New Avengers #1
(Marvel – writer: Jonathan Hickman; art: Steve Epting)
New Avengers borrows its concept from Brian Michael Bendis’ initial run on the title, when he introduced the Illuminati, a group of superheroes made up of Professor X, Doctor Strange, Sub-Mariner, Black Panther, Black Bolt, Iron Man and Reed Richards. This group set about making decisions on how to run the world. But Jonathan Hickman focuses his story solely on T’Challa. The comic is mostly exposition, and it fails to incite the same excitement as some of Marvel’s other “Now” titles.
Hickman doesn’t waste time getting to the point of the comic, but once he gets there, the story stalls. By the end of the issue, I really don’t have a clearer understanding of Hickman’s purpose or what it has to do with the Illuminati. T’Challa is given some neat character moments, and the concept seems interesting, but the internal struggle T’Challa is facing (which is the coolest part of the comic) isn’t introduced until two pages before the end. The finale lacks punch because of this, even though it’s pretty good.
Steve Epting’s jungle scenes are meticulously drawn and his characters a mixture of impressive shadows and striking designs. Due to the overall tint of the book, Frank D’Armata’s colorization is limited. This isn’t a negative, per se, as it gives the fully-colored illustrations visual vibrancy, but D’Armata is definitely limited in his scope.
I wish Hickman had given readers more to go on. I want to like New Avengers because I’m excited by the return of the secret superhero society, and I love Jonathan Hickman’s work, but this issue fails to provide an emotional or engaging initial outing. The series has promise, but Hickman needs to move fast if he’s going to keep the story afloat and readers engaged.
Punk Rock Jesus #6
(Vertigo – writer and art: Sean Murphy)
The title of this issue, “Revelations,” tells you everything you need to know about Sean Murphy’s epic conclusion to his celebrated Punk Rock Jesus. Murphy gives the readers an exciting finale that wraps up the story of Earth’s cloned savior in one explosive swoop.
The question of Chris’ authenticity as a savior is answered pointedly in this issue. Furthermore, Murphy explores the fervent nature of religious zealots and the ways in which they justify their decisions, even when they lead to violence. Chris, who has been a combative and pugnacious character, is nothing next to the story’s true heart, the Irish mercenary Thomas McKael. Over the course of the series, Thomas has become a true symbol of honor and faith.
Murphy’s angular and stylized art is perfect for the pacing of the issue, as action scenes are both fluid and clear. Where the comic stutters is in its delivery. The amount of information Murphy has to depict and the loose ends he needs to tie up are forcibly placed into the limited space. This is no more evident than in the final two pages, where Thomas meets up with the villainous Slate and delivers justice on behalf of Chris and his mother.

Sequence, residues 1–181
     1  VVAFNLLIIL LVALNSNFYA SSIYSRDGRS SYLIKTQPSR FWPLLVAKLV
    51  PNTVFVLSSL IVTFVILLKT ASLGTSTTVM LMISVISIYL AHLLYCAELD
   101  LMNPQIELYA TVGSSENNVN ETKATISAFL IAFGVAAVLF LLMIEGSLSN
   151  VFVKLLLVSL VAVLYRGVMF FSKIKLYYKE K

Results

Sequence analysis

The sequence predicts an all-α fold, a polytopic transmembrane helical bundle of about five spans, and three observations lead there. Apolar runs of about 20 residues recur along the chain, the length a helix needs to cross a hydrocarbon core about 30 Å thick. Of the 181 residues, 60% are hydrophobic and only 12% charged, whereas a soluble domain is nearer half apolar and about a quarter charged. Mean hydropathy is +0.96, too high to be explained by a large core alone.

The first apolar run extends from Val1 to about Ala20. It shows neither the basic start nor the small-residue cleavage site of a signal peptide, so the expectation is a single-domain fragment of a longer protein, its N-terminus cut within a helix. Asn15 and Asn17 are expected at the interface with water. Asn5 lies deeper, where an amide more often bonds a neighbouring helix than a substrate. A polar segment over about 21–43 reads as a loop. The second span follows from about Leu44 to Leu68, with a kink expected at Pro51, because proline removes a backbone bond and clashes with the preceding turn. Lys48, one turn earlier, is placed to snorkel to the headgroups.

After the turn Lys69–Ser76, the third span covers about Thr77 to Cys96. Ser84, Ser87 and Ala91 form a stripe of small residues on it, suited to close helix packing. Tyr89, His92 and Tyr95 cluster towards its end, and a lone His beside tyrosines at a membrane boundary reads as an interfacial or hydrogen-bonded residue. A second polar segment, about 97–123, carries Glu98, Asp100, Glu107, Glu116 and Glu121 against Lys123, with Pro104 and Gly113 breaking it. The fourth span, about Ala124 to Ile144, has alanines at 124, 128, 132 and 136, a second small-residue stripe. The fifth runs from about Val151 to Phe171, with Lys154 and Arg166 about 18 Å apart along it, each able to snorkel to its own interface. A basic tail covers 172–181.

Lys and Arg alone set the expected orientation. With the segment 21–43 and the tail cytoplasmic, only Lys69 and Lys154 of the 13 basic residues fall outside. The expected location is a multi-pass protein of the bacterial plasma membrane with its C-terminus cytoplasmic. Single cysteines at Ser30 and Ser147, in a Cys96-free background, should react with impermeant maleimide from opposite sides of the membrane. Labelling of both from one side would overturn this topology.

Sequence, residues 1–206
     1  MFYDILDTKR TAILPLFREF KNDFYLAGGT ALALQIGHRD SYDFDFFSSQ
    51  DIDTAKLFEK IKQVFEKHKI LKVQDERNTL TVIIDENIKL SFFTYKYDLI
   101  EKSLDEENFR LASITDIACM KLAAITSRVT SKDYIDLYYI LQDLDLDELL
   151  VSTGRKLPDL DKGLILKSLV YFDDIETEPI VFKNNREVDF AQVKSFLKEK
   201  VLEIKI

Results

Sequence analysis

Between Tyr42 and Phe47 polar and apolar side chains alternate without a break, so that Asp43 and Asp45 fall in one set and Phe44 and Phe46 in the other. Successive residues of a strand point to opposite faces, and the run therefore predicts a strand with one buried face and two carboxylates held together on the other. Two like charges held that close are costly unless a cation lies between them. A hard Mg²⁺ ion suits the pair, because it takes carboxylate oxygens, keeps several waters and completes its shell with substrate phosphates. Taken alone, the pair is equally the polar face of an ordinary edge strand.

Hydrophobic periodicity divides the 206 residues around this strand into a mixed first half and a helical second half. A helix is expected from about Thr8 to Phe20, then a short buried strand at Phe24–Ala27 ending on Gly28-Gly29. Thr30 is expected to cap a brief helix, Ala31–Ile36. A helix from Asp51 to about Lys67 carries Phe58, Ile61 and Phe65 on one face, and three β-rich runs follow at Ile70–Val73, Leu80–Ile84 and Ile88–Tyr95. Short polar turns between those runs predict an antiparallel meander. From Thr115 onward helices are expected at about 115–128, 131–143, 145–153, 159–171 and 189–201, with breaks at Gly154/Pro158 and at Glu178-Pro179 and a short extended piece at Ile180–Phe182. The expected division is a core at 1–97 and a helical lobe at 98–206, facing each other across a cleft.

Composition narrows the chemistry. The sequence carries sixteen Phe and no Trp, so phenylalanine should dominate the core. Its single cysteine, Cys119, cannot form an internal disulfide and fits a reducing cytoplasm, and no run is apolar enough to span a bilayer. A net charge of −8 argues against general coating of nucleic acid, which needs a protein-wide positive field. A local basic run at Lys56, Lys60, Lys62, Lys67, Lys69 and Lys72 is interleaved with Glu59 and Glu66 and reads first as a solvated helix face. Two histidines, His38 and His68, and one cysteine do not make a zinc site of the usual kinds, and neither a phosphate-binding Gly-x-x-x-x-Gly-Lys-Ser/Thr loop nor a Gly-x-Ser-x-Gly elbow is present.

Regardless of these minor flaws, the comic is a great read and the series the work of a great artist. Murphy has proven that he’s more than just an illustrator, and the power with which he approached the concept – a concept that begets strong and deep emotions for a large number of people – is evident in the product. Sean Murphy has indelibly made a mark on the comic world with Punk Rock Jesus.
Batman Incorporated #6
(DC – writer: Grant Morrison; art: Chris Burnham)
Bannen’s Book of the Week: I was lucky enough to grow up in a house not affected by divorce. My parents are still married, and they mostly kept their arguments to closed doors and out of earshot. But if your parents are Batman and Talia al Ghul, you may have a different experience.
Much of the showdown is mental, as Bruce works his way through Talia’s house of horrors – a converted Batman Incorporated home for the poor. Morrison pulls a page from the new Judge Dredd movie, as Bruce has to fight his way through level after level and wave after wave of mad tenants. Morrison is a master at showing Batman’s adeptness and skill, and with Chris Burnham’s clever panel design, suspense and tension become characters of their own.
Andres Guinaldo and Bit provide additional pencils in the latter half of the book, and while Damian Wayne’s face is glaringly odd, the rest of the imagery is as smooth and glossy as Burnham’s art. Guinaldo’s Batman looks great, and regardless of the shift in style, the imagery doesn’t lose its clarity.
The climax of the comic is a bit abrupt, but it displays Morrison’s ability to make secondary and tertiary characters as important as the main heroes. The final page makes phenomenal use of aesthetic style to tell its story without resolving the conflict and building the finale. I’d love to see the script page for it.
Given the dark tone of the comic, Morrison still finds ways to keep the reading light, particularly through Batman’s gallery of current and former Robins. And if you thought a Bat-Cow and a Bat-Hound were neat, wait until you see a Bat-Cat named Alfred. Epic, gritty and action full, Batman Incorporated is the best of this reviewer’s picks and another powerful entry into a growing pantheon of work by one of comics’ greatest writers.